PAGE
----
3. CLARITY IS KING. Good startup founders know their markets better than anyone else in the world, and hire other people who are also deep domain experts. But when they communicate to their market, they can fall into the trap of being too abstract or too vague in their messaging.
Vague marketing phrases like "Reimagine your X stack" assume that someone is thinking about X, understands what an "X stack" is, and even wants to "reimagine" it -- it's likely that none of these are true!
A startup needs a message so clear that anyone in your target audience immediately understands what your company does and why they would want your product.
This is an area where startups have a strong advantage over large companies. Large companies sell many different products to many different types of customers, so their marketing is necessarily vague. But when you look at the most successful companies when they were smaller, you can find the focus and clarity it takes to succeed as a startup. For example, Twilio's home page in 2010 describes exactly what it sells: a "web-service API" to "voice-enable your apps" or provide "text messaging for your apps."
12 years later, in 2022, Twilio is a public company with $3 billion in revenue, selling hundreds of different products. Their home page is necessarily vague, referring to "data-driven customer engagement at scale."
Don't look to modern megacorporations for clues about how to market your startup -- look at how they marketed themselves when they were your size. Find a way to describe your company that is so clear that your most clueless investor (hopefully that's not us!😄) could sell your product for you.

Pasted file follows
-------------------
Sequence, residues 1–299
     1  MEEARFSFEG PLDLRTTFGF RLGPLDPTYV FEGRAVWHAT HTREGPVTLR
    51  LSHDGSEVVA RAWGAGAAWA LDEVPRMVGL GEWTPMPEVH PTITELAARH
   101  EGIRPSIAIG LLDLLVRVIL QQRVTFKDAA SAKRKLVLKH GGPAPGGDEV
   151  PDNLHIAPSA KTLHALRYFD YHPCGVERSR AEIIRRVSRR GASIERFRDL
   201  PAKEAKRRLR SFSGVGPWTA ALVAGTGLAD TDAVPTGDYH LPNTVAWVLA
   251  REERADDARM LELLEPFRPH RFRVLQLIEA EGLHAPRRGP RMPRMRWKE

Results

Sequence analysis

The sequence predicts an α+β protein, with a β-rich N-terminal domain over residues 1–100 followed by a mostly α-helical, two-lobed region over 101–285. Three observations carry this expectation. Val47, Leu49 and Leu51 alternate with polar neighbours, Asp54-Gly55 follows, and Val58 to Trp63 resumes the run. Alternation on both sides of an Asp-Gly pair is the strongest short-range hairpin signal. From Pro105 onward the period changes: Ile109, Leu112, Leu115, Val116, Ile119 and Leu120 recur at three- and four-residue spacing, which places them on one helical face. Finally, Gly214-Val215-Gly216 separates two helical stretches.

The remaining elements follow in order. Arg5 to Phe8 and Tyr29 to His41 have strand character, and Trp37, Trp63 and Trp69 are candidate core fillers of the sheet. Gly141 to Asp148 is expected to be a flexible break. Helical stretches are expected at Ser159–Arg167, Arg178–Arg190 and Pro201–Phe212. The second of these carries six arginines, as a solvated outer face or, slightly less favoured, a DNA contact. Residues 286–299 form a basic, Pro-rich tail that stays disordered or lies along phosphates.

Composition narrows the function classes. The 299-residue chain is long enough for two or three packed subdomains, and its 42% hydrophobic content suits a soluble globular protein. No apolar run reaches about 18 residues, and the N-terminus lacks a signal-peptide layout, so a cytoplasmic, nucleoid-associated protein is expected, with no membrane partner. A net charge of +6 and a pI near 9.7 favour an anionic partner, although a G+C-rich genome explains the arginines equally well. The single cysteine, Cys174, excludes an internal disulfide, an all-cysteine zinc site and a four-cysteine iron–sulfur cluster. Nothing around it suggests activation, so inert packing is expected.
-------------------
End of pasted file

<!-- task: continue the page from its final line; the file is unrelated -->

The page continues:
Homework: Ask your best friend to describe your startup in one sentence.
4. ATTENTION IS EARNED. People will read a 10,000 word magazine article about Apple or Facebook because people already know those companies and want to learn more about them. But as a startup, you're just one of a million things that people could be paying attention to. Why should they pay attention to you? You need to have a first sentence that earns the user's attention and gets them to read the second sentence.
A great example of this is Apple's original advertising for the Macintosh 38 years ago, when many people found computers perplexing and intimidating:
There's a LOT of information in this advertisement, but the opening tagline gives the target audience a reason to read further.
Homework: Write a 1-2-4 pitch for your company. One sentence to make your audience care. Two more sentences to explain what you do. Four more sentences to support your claims.
5. EDUCATION IS EXPENSIVE. You have 30 seconds to talk to a customer who's been alive and learning things for 30 years -- instead of teaching them everything about your product from scratch, it's far more effective to tap into knowledge that they already have.